From completing Bhutan’s Snowman trek to cycling the Tour d’Afrique, these feats of endurance and endeavour push you to your mental and physical limits.

What are the toughest adventures on the planet? Which extreme exploits push willing participants to their mental and physical limits? These feats of endurance, endeavour and -- dare we say lunacy -- will stir up the most jaded adrenaline junkie.

Rafting the Franklin River
Tasmania is an earthly paradise for lovers of adventure, and rafting the fearsome Franklin River is one of the Apple Isle’s ultimate thrills. The trip down the Franklin, starting at Collingwood River and ending at Sir John Falls, takes between eight and 14 days, depending on the state of the river. A 100km journey that begins in the beautiful Irenabyss Gorge ends with the fury of the five-kilometre-long Great Ravine, a stretch of white water which boils with dangerous rapids.

Experienced rafters can tackle the Franklin independently if they are fully equipped and prepared, but for everyone else, tour companies such as World Expeditions, Rafting Tasmania and Water By Nature offer complete wilderness rafting packages.

Running the Marathon des Sables
Considered by some to be the world’s toughest foot race, the infamous Marathon des Sables (Marathon of the Sand) consists of six marathons run over six days in the middle of the Sahara Desert in Morocco. Sound mad? It is. But this masterpiece of masochism still draws devotees from all around the world.

Competitors must carry all of their personal belongings and food in a backpack, while the organisers lay on water and shelter at the end of each stage. Competitors run, walk or simply stumble a grand total of 250km in temperatures approaching and even sometimes in excess of 50C, with the longest single stage registering a palpitation-inducing 88km.

Completing the Snowman trek
Widely considered to be one of the hardest treks in the world, only a handful of people each year attempt this 25-day route through Lunana, the most remote region of Bhutan. It is expensive, gruelling and success is far from certain. Of the few who do set out along the high mountain passes, less than half complete the route due to altitude sickness or heavy snowfall.

The trek, which starts in Drukgyel Dzong and ends in Sephu, crosses 11 passes of more than 4,500m, following trails through yak herder settlements and isolated farms, against an eye-bulgingly beautiful backdrop of Himalayan peaks.

The window of opportunity for this high altitude undertaking is vanishingly small – the short season when the paths are likely (but not guaranteed) to be open runs from late September to mid-October.

Cycling the Tour d’Afrique
You will need four months to complete the whole of this peddle-powered trans-African odyssey. First held in 2003, the Tour d’Afrique starts at the Pyramids of Giza and threads its way down the continent to Table Mountain.

Riders clock up a total of 11,869km at an average of more than 112km a day as they follow the back roads through Egypt, Sudan, Ethiopia, Kenya, Tanzania, Malawi, Zambia, Botswana, Namibia and finally South Africa.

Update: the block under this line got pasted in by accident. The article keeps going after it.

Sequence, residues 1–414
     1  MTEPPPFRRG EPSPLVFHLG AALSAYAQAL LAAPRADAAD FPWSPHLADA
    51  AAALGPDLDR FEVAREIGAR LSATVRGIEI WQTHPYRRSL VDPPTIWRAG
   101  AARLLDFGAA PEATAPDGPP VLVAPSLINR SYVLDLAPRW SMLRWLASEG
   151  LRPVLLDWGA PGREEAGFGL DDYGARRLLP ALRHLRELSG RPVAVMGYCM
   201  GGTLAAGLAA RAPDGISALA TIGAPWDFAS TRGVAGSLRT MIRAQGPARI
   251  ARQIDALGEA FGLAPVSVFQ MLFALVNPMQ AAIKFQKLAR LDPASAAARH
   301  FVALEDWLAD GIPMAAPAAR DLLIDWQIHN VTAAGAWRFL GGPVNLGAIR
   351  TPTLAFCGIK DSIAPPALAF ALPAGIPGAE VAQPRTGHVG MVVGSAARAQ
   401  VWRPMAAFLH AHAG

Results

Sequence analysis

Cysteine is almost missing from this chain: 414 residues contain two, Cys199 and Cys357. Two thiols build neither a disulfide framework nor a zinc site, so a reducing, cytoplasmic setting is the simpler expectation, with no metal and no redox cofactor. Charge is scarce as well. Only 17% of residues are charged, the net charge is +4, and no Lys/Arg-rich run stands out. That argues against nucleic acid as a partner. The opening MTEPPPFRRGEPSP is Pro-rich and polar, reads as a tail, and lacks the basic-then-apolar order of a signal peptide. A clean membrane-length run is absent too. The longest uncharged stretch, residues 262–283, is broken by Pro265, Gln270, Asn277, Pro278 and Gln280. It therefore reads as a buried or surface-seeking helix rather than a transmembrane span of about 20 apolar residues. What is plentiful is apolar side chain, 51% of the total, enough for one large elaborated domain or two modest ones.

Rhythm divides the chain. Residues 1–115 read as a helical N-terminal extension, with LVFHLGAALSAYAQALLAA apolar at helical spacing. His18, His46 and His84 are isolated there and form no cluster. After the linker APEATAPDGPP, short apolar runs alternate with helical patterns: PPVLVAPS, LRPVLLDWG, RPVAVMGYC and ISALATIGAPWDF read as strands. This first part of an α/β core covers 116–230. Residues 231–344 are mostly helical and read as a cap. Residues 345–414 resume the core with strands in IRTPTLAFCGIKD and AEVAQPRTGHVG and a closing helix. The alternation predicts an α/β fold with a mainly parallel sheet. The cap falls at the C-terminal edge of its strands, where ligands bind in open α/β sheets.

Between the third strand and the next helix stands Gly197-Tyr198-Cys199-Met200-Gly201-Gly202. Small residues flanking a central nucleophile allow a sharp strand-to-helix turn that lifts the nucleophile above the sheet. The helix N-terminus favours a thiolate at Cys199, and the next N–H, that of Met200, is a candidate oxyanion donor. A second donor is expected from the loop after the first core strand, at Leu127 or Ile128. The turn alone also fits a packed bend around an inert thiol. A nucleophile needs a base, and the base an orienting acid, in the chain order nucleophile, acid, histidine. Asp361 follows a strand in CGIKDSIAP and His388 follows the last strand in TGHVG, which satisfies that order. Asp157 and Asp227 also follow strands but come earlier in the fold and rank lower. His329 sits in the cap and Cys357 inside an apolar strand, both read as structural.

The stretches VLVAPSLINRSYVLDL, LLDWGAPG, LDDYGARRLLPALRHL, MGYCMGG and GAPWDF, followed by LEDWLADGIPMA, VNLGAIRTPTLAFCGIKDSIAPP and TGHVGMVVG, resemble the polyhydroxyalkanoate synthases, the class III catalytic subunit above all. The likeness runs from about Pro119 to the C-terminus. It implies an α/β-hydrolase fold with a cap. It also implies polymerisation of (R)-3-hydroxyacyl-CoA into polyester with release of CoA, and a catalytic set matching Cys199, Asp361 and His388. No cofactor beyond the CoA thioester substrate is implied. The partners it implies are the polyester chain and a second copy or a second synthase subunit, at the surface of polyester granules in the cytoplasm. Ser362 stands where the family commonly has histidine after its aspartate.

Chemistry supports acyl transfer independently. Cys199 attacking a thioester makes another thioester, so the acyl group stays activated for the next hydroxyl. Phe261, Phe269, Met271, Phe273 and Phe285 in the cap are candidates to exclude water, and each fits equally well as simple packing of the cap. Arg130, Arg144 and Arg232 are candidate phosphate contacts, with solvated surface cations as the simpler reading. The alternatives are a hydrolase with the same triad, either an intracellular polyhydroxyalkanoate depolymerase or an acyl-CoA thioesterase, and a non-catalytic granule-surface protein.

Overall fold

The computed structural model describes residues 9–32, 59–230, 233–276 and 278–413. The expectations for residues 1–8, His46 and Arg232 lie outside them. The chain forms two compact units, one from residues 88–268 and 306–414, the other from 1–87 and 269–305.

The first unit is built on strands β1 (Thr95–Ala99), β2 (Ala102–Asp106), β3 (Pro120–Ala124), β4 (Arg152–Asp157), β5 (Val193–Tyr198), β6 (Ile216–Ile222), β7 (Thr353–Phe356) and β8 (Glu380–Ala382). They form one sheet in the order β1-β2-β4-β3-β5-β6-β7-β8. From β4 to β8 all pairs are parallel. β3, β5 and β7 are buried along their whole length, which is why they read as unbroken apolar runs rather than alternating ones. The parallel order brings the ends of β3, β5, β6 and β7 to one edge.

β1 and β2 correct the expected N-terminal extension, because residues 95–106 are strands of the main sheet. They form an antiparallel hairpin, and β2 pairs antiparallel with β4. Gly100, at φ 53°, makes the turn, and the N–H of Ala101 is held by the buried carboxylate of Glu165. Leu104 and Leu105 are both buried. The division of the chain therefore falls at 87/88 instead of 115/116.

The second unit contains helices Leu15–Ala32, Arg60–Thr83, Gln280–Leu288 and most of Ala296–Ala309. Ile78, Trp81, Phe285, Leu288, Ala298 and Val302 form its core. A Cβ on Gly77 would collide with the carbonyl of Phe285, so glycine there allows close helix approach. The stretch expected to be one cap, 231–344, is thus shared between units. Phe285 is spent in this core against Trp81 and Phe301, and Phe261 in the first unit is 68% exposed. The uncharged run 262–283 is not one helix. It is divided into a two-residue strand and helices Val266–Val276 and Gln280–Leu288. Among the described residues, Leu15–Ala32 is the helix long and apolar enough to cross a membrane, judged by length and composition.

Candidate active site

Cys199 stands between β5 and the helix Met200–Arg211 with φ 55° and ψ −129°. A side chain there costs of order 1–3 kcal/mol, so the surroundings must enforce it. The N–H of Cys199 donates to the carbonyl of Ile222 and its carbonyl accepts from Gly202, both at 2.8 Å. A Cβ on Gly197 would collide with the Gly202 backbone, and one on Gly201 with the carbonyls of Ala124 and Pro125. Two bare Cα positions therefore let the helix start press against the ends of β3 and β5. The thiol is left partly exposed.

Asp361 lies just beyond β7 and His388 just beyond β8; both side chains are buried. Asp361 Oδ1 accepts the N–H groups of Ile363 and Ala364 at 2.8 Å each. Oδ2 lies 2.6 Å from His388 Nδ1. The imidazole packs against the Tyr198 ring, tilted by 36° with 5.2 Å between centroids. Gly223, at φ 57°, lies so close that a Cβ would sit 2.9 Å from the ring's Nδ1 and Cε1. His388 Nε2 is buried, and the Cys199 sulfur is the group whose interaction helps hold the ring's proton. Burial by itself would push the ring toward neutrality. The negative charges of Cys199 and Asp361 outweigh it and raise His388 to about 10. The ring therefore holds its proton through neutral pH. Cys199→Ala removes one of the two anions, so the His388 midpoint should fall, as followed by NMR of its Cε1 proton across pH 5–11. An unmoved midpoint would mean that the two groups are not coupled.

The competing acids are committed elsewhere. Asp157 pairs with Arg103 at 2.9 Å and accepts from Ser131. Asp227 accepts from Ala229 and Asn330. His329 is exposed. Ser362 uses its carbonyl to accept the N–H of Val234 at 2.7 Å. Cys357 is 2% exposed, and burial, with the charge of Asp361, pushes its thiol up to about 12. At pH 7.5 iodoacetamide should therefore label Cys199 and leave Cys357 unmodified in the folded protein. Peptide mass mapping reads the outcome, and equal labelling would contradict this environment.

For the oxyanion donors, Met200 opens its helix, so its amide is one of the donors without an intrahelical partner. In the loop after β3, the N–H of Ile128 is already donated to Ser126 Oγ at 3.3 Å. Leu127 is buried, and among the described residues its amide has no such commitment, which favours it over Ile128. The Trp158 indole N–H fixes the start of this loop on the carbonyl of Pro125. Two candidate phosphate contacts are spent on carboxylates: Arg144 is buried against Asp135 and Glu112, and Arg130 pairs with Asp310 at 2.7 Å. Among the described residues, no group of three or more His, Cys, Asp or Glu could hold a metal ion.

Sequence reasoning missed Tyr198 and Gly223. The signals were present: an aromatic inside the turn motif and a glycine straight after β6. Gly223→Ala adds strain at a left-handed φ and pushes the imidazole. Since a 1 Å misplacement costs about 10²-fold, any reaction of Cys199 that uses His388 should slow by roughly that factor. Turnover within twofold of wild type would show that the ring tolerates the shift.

The route takes in a handful of Africa’s most iconic sights, including the Karnak Temple, the Ngorogoro Crater, the Great Rift Valley, Victoria Falls, Fish River Canyon, the Okavango Delta and the Dune Sea of the Namib Desert. The main danger on this journey is dehydration.

Surfing the “Devil Wave”
Take an end-of-the-world location, add huge, unpredictable and dangerous waves and throw in some hungry Great White Sharks for good measure – this is the forbidding recipe for Shipstern’s Bluff, one of world’s most extreme surf spots.

Once known as the Devil’s Point, this remote area off the tip of Tasmania’s Tasman Peninsula, is accessible only by boat, jet ski or a two-hour bush walk. That means you are a long way from civilisation – and specifically, a hospital – if anything goes wrong. And it frequently does at Shipstern, where the Southern Ocean and the Roaring Forties conspire to whip the cold water into a monstrous right-hander.

Doing the other Coast to Coast
Despite sharing a name with the UK's Coast to Coast, a famous meander through the countryside in the north of England,  the Antipodean version traverses the rather more rugged terrain of New Zealand’s South Island. The adventure starts at Kumara Beach on the Tasman Sea and finishing at Sumner Beach on the Pacific and crosses the formidable mountains of the Southern Alps.

The race involves a 140km stint on a bike (which breaks down into three stages of 55km, 15km and 70km), followed by a 36km run (33km of which crosses the Alps) and finally a 67km kayak down the Grade II white water of the Waimakariri Gorge, New Zealand’s answer to the Grand Canyon.

Incredibly, the fastest competitors complete this trial in slightly less than 11 hours. Take heart and stiffen the sinews, though: the oldest competitor to undertake the challenge was 75, while the youngest was just 15.

Base jumping into the Cave of the Swallows
The idea of Base jumping off anything is enough to send most travellers scuttling for the safety of a spot behind the sofa, so what about doing it into the mouth of a cave?

Sótano de las Golondrinas, or the Cave of the Swallows, is a huge limestone sinkhole near Aquismón, San Luis Potosi, Mexico. Its name comes from the many white-collared swifts and green parakeets that live in the holes in its walls. But the spectacle of them exiting and entering every day is not the only reason that the cave draws so many visitors.

The Cave of the Swallows is deep enough to accommodate a skyscraper, meaning about 10 seconds in freefall, and that has caught the imagination of those who enjoy plunging off fixed objects with only a packed parachute strapped to their back.

The article 'The toughest adventures on the planet' was published in partnership with Lonely Planet.